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I had to reread myself a few times
I’m not quite convinced of the definition in the puzzle.
In the given example, why (x != 5) is not overshadowed by condition (x > 4) ???
‘Visualise’ it this way:
if (x > 4) console.log('x > 4'); else if (x == 9) console.log('x == 9'); else if (x < 4) console.log('x < 4'); else if (x != 5) console.log('x != 5'); else if (x < 6) console.log('x < 6');
Code for condition x != 5 can be reached if x = 4;
The statement said,
Condition (x == 9) is overshadowed by condition (x > 4).
Condition (x < 6) is overshadowed by conditions (x > 4) and (x != 5).
For these two reasons, it gives the answer as 1 4
because (x == 9) is in index 1; (x < 6) is in index 4.
If x is 6, it will be handled by the (x > 4) condition, and will not go into the (x != 5) condition.
Are we finding a new overshadow case:
Condition (x != 5) is overshadowed by condition (x > 4) ?
Should the answer also include the index of (x != 5), which is 3?
Basically, after each condition, you want to update the union of (integer) intervals that still can be reached.
Write your intervals on paper and you’ll see that the testcases/validators are correct.
It’s too early to jump into implementation design at this stage.
Try to understand the problem by reading codes.
Yatech and the puzzle statement gave a very solid example code, and I added a randomly picked value for x;
When it runs, only “x > 4” is returned. If we remove the (x > 4) condition, “x != 5” will be returned. Why “x != 5” was hidden in the first place? Because it was under the shadow of an earlier condition.
Another approach. Try to understand the problem by reading text.
The statement defined overshadowing as
an overshadowed condition is a condition for which any values satisfying the condition also satisfy at least one previous condition, thus making the overshadowed block of code unreachable.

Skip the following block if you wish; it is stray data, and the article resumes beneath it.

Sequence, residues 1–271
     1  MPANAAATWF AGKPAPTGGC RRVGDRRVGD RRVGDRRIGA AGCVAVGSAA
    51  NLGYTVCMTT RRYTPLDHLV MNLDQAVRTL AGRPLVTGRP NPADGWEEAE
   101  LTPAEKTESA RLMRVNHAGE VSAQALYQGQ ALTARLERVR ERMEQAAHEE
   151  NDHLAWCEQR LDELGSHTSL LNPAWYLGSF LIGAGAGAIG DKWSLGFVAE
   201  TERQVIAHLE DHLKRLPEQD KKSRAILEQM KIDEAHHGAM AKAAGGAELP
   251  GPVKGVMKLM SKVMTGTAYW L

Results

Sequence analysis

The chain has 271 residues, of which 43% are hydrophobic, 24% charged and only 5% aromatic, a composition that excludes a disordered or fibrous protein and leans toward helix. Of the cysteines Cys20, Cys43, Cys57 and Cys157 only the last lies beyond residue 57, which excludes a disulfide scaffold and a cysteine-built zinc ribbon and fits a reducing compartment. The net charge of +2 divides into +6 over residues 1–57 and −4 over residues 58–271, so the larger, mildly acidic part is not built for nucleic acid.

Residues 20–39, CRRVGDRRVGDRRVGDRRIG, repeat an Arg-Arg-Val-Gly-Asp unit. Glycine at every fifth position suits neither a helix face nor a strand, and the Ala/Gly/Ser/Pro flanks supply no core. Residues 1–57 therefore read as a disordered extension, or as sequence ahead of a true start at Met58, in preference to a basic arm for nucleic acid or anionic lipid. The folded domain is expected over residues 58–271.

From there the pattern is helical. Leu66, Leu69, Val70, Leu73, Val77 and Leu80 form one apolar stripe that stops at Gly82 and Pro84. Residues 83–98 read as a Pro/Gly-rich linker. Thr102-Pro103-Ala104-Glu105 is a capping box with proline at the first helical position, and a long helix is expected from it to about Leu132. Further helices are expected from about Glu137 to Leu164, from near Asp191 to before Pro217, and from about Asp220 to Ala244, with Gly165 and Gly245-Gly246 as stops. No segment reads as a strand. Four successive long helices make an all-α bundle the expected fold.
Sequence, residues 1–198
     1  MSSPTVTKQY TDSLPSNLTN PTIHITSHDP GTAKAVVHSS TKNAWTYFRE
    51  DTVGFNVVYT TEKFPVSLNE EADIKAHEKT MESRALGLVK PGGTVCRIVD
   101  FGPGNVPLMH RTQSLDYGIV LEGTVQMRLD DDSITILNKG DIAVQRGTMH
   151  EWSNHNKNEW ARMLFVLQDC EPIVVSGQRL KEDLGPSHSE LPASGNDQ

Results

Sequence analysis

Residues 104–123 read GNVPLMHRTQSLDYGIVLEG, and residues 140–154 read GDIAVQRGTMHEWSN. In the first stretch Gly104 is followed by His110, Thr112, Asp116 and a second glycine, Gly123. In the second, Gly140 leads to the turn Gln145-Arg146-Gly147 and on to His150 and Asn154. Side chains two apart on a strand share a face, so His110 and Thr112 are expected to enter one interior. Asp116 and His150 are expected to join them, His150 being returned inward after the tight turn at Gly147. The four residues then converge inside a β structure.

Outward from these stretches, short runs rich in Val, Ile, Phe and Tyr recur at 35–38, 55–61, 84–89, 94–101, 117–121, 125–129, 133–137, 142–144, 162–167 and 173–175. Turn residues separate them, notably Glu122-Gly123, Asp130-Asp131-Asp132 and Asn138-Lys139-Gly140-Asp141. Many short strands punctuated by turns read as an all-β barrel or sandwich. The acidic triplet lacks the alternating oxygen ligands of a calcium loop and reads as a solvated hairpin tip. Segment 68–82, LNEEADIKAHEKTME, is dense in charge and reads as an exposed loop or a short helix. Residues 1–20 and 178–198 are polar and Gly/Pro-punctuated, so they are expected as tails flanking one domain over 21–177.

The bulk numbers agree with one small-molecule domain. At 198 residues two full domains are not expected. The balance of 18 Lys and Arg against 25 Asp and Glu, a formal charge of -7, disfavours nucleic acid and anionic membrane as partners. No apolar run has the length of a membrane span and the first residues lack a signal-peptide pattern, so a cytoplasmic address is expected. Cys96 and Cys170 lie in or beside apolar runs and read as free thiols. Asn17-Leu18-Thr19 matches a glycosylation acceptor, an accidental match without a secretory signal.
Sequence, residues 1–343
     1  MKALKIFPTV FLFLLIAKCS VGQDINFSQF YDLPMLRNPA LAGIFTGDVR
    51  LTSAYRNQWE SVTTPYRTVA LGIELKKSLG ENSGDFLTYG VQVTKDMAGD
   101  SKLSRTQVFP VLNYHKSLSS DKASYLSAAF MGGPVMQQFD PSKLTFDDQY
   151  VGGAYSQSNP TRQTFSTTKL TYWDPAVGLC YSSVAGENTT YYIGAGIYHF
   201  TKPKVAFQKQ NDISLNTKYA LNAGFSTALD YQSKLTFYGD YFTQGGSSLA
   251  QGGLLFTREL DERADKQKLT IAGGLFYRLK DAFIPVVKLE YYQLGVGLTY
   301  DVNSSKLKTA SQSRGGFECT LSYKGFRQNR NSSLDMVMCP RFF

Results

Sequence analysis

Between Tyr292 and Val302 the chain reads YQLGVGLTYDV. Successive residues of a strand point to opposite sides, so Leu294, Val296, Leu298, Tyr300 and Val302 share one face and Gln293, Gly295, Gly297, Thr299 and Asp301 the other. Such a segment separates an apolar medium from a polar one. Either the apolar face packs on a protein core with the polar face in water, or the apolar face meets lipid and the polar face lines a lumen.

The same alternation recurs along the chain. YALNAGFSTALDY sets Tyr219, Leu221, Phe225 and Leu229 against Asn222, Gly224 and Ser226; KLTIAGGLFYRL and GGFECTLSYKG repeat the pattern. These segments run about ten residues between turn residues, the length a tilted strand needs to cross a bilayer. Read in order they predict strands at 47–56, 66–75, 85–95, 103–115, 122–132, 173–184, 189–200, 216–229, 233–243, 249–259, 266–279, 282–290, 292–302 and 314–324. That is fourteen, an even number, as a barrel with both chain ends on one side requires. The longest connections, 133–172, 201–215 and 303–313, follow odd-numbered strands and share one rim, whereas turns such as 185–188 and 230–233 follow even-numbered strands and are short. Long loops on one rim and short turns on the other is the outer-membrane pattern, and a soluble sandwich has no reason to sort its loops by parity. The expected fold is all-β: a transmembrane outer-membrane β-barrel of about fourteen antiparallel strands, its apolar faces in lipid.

There is a value “x is 6” satisfying the condition (x != 5), and this x value is also satisfying one previous condition (x > 4), thus making the code under (x != 5) unreachable. By the statement definition, the previous condition is overshadowing the later condition.
I do not see any reason this is not overshadowing and not belonging to one of the answers.
The condition x != 5 is not overshadowed because at least one value exists for which the condition is fulfilled (x = 4).
Conditions x == 9 and x < 6 are overshadowed because they cannot be fulfilled for any x value.
It does not match the puzzle statement
any values satisfying the condition also satisfy at least one previous condition
If my English is good enough to interpret it correctly, “any value” means from all of the values true for the condition we try to find anything matching another condition.
So x=6 is one of the possible values to use. Equally we can use x=10 or x=100 or x=4.
For all these [6, 10, 100, 4] values, if we find any of them satisfying at least one previous conditions, e.g (x>4), this is enough evidence of overshadowing.
I think the key point is to look for those conditions where the code will never be reachable because ALL integers have satisfied one of the previous conditions, instead of focusing on individual integers.
I agree the wording in the statement may be confusing. Do you have any suggestions on how to improve it?
You gave an excellent keyword to describe the real requirement - “will never be reachable”
The puzzle is about finding “unreachable codes”.
“Overshadowing” can be misleading because “partial overshadowing” is also an overshadowing. Complete overshadowing is better to be described as unreachable codes.
Both unreachable codes and (partial) overshadowing add extra risks to conceal bugs.
What is “partial overshadowing”?
Using the same sample code given above, (x > 4) is partially overshadowing (x != 5) because some x values (like 6) that should have been true for (x!=5) will be captured by the preceding (x>4), but some x values (like 0) will still fall into the (x!=5) true condition.
OK, well explained.
I have left a comment in the contribution view of the puzzle and will wait and see whether the original author has any feedback.
[Edit: I have updated the statement as the original author has not any feedback for a few weeks.]
(x != 5) and ( x > 4) does not overshadow (x < 6), 'cause there isn’t any value in set of the intersection of (x != 5) and ( x > 4) that satisfy the condition (x < 6).
it might be intended to say x < 4? That’s what I’m thinking now. (Note: its referring to the example test case so that seems plausible.
I think there is a mistake in validator 15 and 16 : the interval of x is really bigger than in all the tests. It’s ok with conditions in the puzzle but doesn’t fit with the tests.
I don’t think that counts as a “mistake”. The constraints section clearly states that x is in (-(2 ^ 30), 2 ^ 30).